Conceptual Outcomes

The main functional outcomes are described in the sections below as well as in the presentation given at the final review meeting in February 2019:


Functional Architecture Architecture Layers Architecture Layers

The functional architecture can be regarded as one of the main outcomes of the project, as everything else is building on top of it. It provides the definition of an interoperable city platform capable of integrating services from different cultures. The architecture can be reused as whole, or individual components of the architecture can be integrated into other Smart City platforms. The architecture is divided into layers as shown in the figure on the right:

  • IoT Data & Ingestion Layer represents the context information acquired by our platform. It follows the NGSI interface so that a unified representation of information is carried out. Our main component responsible for this task is the IoT Broker which, thanks to the IDAS module, incorporates the information to the platform.
  • Virtual Entity Layer: Taking advantage of the NGSI interface, and thanks to our Context Broker we can generate aggregated information for required virtual information that services, and application placed at the upper layer will use.
  • Semantic Data & Integration Layer: This layer allows a richer information representation and expression of relations among the stored information
  • Knowledge Layer: Finally, this layer contains the Machine Learning (ML) component which implements different algorithms for different purposes extracting information available from Social Media. This layer contains the aggregated and processed information that is exploited by Smart City upper-layer services and applications.
    The two traversal features are the Platform Management Federation and Operation Pillar and the Security & Privacy Pillar.
  • Platform Management Federation and Operation Pillar: As its name indicates, this pillar comprises the components that simplify deployment of the platform. Actually, the more remarkable component in this pillar is FogFlow, which allows for dynamic deployment in both edge and cloud layers.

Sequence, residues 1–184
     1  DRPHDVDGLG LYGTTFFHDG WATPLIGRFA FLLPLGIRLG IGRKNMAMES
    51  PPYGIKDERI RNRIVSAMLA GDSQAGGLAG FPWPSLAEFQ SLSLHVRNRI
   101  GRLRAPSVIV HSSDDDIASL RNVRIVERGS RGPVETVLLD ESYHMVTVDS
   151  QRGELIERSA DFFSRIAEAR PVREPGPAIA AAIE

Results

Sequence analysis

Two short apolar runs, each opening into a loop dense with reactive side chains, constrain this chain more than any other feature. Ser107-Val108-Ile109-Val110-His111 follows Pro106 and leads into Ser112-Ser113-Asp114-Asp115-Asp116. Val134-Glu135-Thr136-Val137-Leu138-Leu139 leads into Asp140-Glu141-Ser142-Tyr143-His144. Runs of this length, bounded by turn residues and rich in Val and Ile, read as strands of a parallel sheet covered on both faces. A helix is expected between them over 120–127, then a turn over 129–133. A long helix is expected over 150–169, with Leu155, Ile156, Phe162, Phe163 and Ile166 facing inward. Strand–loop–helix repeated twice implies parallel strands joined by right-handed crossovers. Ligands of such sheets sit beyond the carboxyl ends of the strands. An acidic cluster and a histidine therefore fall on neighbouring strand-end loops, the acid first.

• Security & Privacy Pillar: Finally, this pillar contains the enablers that guarantee secure & private exchange of information by employing security mechanisms such as authentication, authorization. Privacy is also applied by providing a mechanism that encrypts the data stored in the platform and allow only the legitimate consumers to decrypt it.

In addition, this architecture is based on open and standard protocols and mechanisms such as the adoption of NGSI for exchanging information based on HTTP or the use of the XACML framework as a baseline for our authorization scheme. Although an alternative and also viable approach for developing the platform would have been a development based on closed and proprietary technologies, we followed the philosophy that our main outcome should not be one enclosed product containing all the components and enablers necessary, but rather an open and federated platform capable to embrace different cultures and instantiation approaches, as we demonstrated with our FIWARE-based European and the u2-based Japanese instantiations of the platform. The most significant outcome therefore is the common architecture, which is instantiated by both sides of this project.


Federation Mechanisms

API-based Federation mechanism (Smart Building use case)
API-based Federation mechanism (Smart Building use case)

Integration and federation of the FIWARE-based and u2-based platform instantiations is an important feature for interoperability. We have demonstrated two aspects how this can be done: Firstly, an API-based mechanism, and secondly, federation of personal information in Personal Data Stores.
For the API-based federation we demonstrated this using a smart building monitoring use case, as shown in the figure on the right. Sensor data (room temperature and humidity etc.) of a building at the University of Tokyo, connected to the u2-based platform instance, can be shown in a dashboard on the FIWARE-based instance, and vice versa (building information from Murcia being shown on the Japanese dashboard).